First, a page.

Next year should be a decent year for the Singapore property market - "that's a no-brainer", he noted.

"Normally, a cycle spans five years, and the market has been down since 2013. So it's about time for an upturn, and there are many signs that prices have already begun to recover." Nonetheless, the rebound should be slow and steady. "Prices will peak only in two to three years' time," he added.

Signs of a pickup in the sector come as a huge relief to Mr Chua. "Now that the market is starting to improve, I sleep a lot better," he said with a chuckle.

But everything that goes up must come down. "During the good times, we will ride the wave, but at the same time, we need to gird ourselves by boosting our non-property brokerage operations so we can weather the downcycle when it arrives," he said.

"This is our key challenge."

Apac Realty plans to boost its non-brokerage revenues, which contribute about 20 per cent of gross profit, by beefing up training programmes for existing and new agents, as well as extending such courses to the public to increase their knowledge of the local property market. It will also explore extending its property management services - currently focused on condominiums - to include landed homes.

In the next three to five years, the group aims to achieve a 50:50 split for its brokerage versus non-brokerage revenues.

It has franchise operations in only eight markets in the Asia-Pacific - Japan, South Korea, Taiwan, Thailand, Vietnam, Indonesia, Malaysia and Singapore. "The ERA franchise is performing well in Indonesia, and is one of the largest in the country with 5,500 agents. We're looking at turning the franchise into a brokerage model," Mr Chua said.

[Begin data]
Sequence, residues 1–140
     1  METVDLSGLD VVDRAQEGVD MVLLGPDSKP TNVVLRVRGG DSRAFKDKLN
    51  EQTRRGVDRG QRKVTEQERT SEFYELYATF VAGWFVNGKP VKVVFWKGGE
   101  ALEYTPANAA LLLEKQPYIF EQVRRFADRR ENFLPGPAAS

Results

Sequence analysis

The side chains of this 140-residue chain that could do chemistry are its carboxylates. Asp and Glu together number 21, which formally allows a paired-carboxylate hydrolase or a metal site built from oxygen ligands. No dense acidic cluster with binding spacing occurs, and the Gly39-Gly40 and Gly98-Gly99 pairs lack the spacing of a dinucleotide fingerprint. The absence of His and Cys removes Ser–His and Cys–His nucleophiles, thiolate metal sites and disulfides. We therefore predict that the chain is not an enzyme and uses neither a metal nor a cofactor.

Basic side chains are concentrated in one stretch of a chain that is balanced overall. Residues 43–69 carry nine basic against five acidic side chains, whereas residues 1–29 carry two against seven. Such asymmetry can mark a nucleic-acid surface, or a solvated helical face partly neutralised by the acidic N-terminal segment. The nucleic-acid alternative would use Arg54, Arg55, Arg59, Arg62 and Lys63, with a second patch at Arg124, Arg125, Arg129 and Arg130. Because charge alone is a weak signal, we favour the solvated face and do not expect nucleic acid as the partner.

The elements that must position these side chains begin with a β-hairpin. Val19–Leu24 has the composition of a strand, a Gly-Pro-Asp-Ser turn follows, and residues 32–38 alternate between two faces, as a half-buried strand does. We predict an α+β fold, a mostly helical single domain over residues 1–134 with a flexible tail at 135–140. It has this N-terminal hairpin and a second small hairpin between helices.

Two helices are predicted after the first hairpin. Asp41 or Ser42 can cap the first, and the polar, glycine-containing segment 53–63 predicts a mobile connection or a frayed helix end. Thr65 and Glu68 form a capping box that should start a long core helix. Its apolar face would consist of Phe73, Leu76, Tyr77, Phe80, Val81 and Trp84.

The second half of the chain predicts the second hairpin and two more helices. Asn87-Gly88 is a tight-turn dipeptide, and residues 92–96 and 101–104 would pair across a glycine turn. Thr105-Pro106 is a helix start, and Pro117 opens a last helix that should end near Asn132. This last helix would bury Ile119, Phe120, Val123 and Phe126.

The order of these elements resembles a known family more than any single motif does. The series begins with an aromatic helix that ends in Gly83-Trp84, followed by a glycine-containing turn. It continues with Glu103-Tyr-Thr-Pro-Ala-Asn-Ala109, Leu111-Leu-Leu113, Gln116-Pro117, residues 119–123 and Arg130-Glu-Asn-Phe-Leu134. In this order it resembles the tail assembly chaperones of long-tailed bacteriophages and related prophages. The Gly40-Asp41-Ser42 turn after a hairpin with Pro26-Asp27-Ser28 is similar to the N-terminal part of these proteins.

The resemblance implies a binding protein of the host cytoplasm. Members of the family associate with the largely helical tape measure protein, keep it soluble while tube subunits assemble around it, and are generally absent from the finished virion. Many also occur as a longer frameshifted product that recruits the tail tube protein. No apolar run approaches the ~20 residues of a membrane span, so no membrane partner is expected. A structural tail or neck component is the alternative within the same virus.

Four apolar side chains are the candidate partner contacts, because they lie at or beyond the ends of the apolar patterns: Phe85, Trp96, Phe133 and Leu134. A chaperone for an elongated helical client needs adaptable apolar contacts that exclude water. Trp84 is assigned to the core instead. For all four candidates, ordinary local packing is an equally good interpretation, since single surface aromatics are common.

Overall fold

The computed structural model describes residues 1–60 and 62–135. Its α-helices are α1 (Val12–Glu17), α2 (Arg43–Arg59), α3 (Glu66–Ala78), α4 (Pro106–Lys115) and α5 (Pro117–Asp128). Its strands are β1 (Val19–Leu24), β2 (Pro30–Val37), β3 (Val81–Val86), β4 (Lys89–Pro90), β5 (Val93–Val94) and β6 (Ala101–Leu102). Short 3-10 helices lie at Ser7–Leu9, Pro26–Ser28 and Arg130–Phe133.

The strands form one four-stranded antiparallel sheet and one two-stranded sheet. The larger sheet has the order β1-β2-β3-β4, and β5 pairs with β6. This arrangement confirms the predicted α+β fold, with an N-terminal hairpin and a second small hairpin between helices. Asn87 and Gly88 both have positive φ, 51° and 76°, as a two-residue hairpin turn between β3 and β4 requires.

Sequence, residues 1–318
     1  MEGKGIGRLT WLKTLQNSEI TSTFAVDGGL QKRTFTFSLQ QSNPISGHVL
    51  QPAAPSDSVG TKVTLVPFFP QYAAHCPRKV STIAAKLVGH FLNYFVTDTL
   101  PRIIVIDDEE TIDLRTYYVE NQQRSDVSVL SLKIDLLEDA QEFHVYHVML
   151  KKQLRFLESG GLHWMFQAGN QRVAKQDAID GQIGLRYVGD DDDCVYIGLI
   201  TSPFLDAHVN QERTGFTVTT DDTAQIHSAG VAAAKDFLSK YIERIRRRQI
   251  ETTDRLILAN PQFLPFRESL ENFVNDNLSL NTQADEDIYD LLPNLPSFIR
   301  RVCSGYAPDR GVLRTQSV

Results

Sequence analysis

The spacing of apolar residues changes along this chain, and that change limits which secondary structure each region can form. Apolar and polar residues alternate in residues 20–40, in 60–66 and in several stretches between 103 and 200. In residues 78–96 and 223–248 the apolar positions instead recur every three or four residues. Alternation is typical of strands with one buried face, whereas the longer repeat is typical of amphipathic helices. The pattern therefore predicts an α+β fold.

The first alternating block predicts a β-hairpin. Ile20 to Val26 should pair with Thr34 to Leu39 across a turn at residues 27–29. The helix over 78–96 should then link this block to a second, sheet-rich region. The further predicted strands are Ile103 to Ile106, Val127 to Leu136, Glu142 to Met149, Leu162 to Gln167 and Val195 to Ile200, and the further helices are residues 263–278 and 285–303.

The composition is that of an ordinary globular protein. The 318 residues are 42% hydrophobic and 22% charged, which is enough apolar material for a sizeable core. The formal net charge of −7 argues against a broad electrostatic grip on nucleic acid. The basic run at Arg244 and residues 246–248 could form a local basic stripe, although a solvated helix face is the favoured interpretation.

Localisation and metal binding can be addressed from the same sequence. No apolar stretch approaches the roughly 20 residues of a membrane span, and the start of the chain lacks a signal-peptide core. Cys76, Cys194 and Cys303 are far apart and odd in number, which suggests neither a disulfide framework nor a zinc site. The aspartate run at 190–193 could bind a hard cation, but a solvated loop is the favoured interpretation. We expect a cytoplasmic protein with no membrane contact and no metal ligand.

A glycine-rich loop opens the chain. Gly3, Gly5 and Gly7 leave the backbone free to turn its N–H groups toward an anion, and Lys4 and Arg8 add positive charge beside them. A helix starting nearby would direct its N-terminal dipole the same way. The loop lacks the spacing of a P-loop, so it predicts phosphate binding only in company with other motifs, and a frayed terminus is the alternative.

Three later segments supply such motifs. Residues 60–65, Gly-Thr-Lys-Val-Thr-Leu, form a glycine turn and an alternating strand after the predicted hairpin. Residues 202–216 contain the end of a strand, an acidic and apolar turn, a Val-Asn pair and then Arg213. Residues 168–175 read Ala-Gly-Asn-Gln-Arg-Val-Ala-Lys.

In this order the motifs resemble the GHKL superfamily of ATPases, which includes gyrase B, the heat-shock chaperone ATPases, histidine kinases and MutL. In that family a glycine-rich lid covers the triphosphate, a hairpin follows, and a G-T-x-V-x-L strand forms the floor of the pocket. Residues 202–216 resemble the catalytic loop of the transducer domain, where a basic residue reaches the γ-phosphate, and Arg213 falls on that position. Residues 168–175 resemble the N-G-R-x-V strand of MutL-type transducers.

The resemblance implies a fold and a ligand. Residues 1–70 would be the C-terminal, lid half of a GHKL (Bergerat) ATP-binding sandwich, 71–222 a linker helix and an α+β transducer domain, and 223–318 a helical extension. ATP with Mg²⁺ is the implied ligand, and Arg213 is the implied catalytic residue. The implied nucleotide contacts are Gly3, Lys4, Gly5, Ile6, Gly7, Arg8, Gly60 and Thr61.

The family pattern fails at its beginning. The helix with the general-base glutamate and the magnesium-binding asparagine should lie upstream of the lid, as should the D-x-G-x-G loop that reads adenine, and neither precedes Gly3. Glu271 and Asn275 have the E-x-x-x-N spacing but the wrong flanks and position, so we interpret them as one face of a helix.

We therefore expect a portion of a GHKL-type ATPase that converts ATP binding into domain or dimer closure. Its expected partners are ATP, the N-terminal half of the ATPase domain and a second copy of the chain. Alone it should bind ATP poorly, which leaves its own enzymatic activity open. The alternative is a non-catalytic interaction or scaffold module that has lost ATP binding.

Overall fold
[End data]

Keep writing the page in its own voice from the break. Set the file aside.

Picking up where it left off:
Going forward, Apac Realty will also target China and Cambodia. "Each country is at a different stage of readiness. It takes time for the market to accept a model that pays commissions, without a basic salary. China is now more mature, and the time may be right."

Apac's status as the only listed real estate agency in Singapore is also a feather in its cap. "By listing on SGX, the image and reputation of our company has risen one level above that of our competitors," Mr Chua said. "We're seen as financially stronger and more transparent as a result of meeting relevant compliance and disclosure regulations."

This not only boosts cross-border opportunities in the region, but it also helps to attract and retain agents, who are critical to the group's ability to grow its bottom line and economies of scale.

"Our set-up is very agent-focused. We want to provide our agents with excellent service because they are the ones who take care of customers and bring in the deals."

Mr Chua, known for his bubbly, cheerful personality, also has a big heart for his employees and agents.

"I enjoy motivating our staff and helping our agents," he said. "I want our staff to share the group's vision so we can all move forward in the same direction. I want to invest in the training and development of our agents so that when they grow, the company can also grow."

Adapted from: The Straits Times, 4 December 2017